The bridge teemed with activity as he stepped inside. Crewmen analysed the vessel’s systems and sonar radar, making certain that everything was tip-top, while scientists prepared the equipment soon to be utilised. Cameron glanced at each person with interest as he walked over to the captain, who turned to greet the white-haired man as he stood beside him.
“We’ve reached the coordinates you gave us, Mr. Winter,” he reported.
Cameron made a pleased sound. “In record time as well, captain. If there is one thing I enjoy seeing in my employees, it’s efficiency.”
“Thank you, sir,” said the captain. “Though if I may ask, me and the men aren’t sure why-“
“Why I made you come to the middle of nowhere.” Cameron finished the man’s sentence with a smirk. “Recently, my view of this planet has been expanded. Thus, I have to ensure I keep up with this expansion, and what I will procure here will make sure of it.”
The captain scratched his head, confused by this news. “What could you possibly find out here that’s of use to you?” he asked.
The head of Solstice Industries said nothing as he stared out at the ocean beyond the glass windows of the bridge. With someone of his wealth, intellect and social standing, it was solemn difficult to get what he wanted. A virus targeted at NASA’s satellites, a few bribes to keep nosy astrologers quiet and purchasing the rights to this section of the ocean meant nobody knew of the cosmic body that had crash-landed here two days ago. He had been keeping track of the object ever since it had popped up on the feed of his own satellites two weeks ago. He was further intrigued when a detailed analysis discovered the contents of the invading satellite. With this knowledge, he knew that it must come into his possession at any cost. After all, there was nothing he could not afford.
“Get your men ready, captain,” he ordered. “I want a boat out there depth-charging the area in ten minutes and my Cyber-Flies operational in five.”
A small dinghy was soon out on the water, dropping explosives into the ocean per Cameron’s instructions. The mines sank deep into the inky depths, vanishing from sight and leaving only spouts of bubbles, minutes after their deployment, as the clue to their detonation. The mogul was certain that the bombardment would rouse whatever slumbered at the seabed and bring it to the surface. From there, his Cyber-Flies would do the rest.
“We’ve got something!” a technician called out as the deep-sea sonar pinged to life, alerting its operator to the presence of a foreign body. Cameron’s head twisted to her direction as she worked the controls to get a more accurate reading. “Depth of one thousand metres… nine hundred… eight hundred…”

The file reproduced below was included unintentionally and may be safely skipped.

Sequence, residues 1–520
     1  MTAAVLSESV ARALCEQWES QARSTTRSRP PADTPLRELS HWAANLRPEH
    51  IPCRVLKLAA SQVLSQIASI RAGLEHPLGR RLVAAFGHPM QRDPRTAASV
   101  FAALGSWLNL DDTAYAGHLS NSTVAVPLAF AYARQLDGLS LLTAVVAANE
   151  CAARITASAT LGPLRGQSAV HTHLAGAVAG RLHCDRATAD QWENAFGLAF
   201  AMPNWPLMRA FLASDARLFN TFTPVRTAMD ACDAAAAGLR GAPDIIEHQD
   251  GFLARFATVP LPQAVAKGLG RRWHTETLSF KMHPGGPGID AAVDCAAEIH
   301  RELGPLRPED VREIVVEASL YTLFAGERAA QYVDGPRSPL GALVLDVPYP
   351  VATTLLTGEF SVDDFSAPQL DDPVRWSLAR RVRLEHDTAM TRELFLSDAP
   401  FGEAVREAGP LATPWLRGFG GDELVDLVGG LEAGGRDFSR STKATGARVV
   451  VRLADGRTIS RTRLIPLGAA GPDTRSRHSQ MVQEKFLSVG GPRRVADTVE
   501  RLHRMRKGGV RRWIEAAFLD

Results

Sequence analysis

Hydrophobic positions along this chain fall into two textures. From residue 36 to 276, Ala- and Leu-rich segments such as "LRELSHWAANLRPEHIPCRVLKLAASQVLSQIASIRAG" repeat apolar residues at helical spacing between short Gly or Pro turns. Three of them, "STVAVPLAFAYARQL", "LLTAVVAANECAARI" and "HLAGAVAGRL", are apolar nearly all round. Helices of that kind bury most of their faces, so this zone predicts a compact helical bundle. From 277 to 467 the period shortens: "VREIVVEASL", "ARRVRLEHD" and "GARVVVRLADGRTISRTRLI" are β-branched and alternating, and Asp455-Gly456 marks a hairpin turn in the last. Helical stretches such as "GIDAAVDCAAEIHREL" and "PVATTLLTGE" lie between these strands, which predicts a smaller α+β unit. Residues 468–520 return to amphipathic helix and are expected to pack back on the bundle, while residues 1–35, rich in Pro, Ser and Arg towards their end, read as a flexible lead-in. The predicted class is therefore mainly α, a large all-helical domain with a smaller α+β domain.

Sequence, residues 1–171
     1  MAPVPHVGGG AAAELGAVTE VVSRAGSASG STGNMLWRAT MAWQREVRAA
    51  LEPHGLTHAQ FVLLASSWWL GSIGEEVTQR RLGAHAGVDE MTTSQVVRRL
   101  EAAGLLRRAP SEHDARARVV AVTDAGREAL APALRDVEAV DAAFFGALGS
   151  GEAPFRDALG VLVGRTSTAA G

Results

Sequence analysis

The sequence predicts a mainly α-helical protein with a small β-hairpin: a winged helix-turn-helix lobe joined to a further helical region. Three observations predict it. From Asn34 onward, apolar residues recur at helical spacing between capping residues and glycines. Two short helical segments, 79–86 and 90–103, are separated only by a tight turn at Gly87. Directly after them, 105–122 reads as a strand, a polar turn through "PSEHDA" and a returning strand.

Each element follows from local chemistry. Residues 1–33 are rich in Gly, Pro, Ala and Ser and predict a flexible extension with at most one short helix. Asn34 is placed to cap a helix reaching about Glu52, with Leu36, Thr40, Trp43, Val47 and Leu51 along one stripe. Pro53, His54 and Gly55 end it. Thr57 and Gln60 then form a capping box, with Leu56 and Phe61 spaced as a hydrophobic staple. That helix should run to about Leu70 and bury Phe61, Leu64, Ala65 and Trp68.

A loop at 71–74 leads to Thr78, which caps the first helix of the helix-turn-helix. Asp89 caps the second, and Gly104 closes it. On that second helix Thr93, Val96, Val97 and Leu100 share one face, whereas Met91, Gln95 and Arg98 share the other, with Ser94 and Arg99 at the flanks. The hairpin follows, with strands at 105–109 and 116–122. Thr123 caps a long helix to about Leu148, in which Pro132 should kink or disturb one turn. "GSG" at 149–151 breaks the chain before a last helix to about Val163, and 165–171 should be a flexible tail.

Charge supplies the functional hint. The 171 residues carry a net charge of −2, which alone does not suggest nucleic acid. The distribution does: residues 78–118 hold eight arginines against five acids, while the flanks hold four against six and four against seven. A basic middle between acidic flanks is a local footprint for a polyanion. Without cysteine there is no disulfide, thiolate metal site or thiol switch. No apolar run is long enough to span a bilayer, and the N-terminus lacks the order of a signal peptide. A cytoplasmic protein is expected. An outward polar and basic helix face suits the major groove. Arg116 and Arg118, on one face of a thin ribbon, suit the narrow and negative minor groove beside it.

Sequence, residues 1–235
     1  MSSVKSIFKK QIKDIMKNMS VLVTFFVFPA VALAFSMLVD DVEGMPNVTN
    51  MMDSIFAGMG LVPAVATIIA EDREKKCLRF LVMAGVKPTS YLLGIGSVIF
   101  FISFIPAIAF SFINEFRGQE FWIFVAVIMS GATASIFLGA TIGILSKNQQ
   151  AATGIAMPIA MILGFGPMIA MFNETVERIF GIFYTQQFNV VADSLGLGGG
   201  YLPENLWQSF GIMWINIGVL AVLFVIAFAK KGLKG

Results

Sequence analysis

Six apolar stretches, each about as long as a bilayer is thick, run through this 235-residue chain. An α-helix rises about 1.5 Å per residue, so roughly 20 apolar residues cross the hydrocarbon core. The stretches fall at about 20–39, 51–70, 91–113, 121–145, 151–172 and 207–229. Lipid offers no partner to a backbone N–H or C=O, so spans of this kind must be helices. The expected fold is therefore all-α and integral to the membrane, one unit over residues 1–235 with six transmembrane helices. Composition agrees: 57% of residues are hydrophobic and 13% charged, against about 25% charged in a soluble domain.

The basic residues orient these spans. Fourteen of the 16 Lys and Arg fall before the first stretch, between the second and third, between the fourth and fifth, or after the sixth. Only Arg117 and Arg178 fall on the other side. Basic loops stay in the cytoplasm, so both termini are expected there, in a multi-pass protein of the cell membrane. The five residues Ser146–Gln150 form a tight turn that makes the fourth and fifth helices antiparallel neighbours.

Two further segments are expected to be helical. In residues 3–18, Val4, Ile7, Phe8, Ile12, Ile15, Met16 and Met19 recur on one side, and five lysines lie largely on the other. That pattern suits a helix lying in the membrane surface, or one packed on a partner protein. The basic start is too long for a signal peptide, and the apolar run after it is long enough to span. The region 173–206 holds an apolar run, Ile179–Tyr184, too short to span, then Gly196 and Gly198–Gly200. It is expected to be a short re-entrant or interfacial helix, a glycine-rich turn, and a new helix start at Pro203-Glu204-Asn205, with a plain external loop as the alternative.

The ship’s captain glared at Cameron with his suspicions raised. “What have you dragged us out here to find, Winter?” he demanded. The cruel CEO’s eyes flickered over and he shot a smile at the man as the technician continued to count down.
“Every good company needs its security, captain,” he replied smoothly. “Or in this scenario, a guard dog.”
“Four hundred metres…” The technician and her co-workers began to grow nervous as the distance between the bogey and the surface lessened by the second. “T-three hundred metres…”
The sailors on the dinghy continued to drop mines into the water, unaware of the situation developing underneath them. As the commander’s radio crackled to life, bright flashes appeared below the surface as the explosives detonated against the rising anomaly.
“Two hundred metres…”
“Reggie, get yourselves the hell out of there!” the captain shouted into the radio. “Get back to the boat!”
“Belay that.” Cameron felt the captain’s gaze on him not a second after he had finished his sentence.
“We cannot abandon those men!” he snapped, but the mogul shook his head.
“Nothing that can be done that won’t endanger us as well. I’m afraid sacrifices must be made in these scenarios.”
The skipper didn’t buy his words for a second. He knew that Cameron had planned to use those sailors as bait, but he could not bring himself to argue with the man. He had seen what happened to those who spoke out against Cameron Winter and desired to not join them.
“One hundred metres… Contact!”
All hands on deck looked out to the ocean as the dinghy was surrounded by froth. Recognising the danger, the commanding sailor ignored Cameron’s orders and slammed down the ignition lever, only for the water to rocket upwards and launch the vessel skywards in pieces. As seawater and debris rained down, Cameron Winter stared out at the towering, seaweed green titan now protruding from the ocean. His lips grew into a smile as the beast’s maw opened, emitting a high-pitched and oddly familiar sound.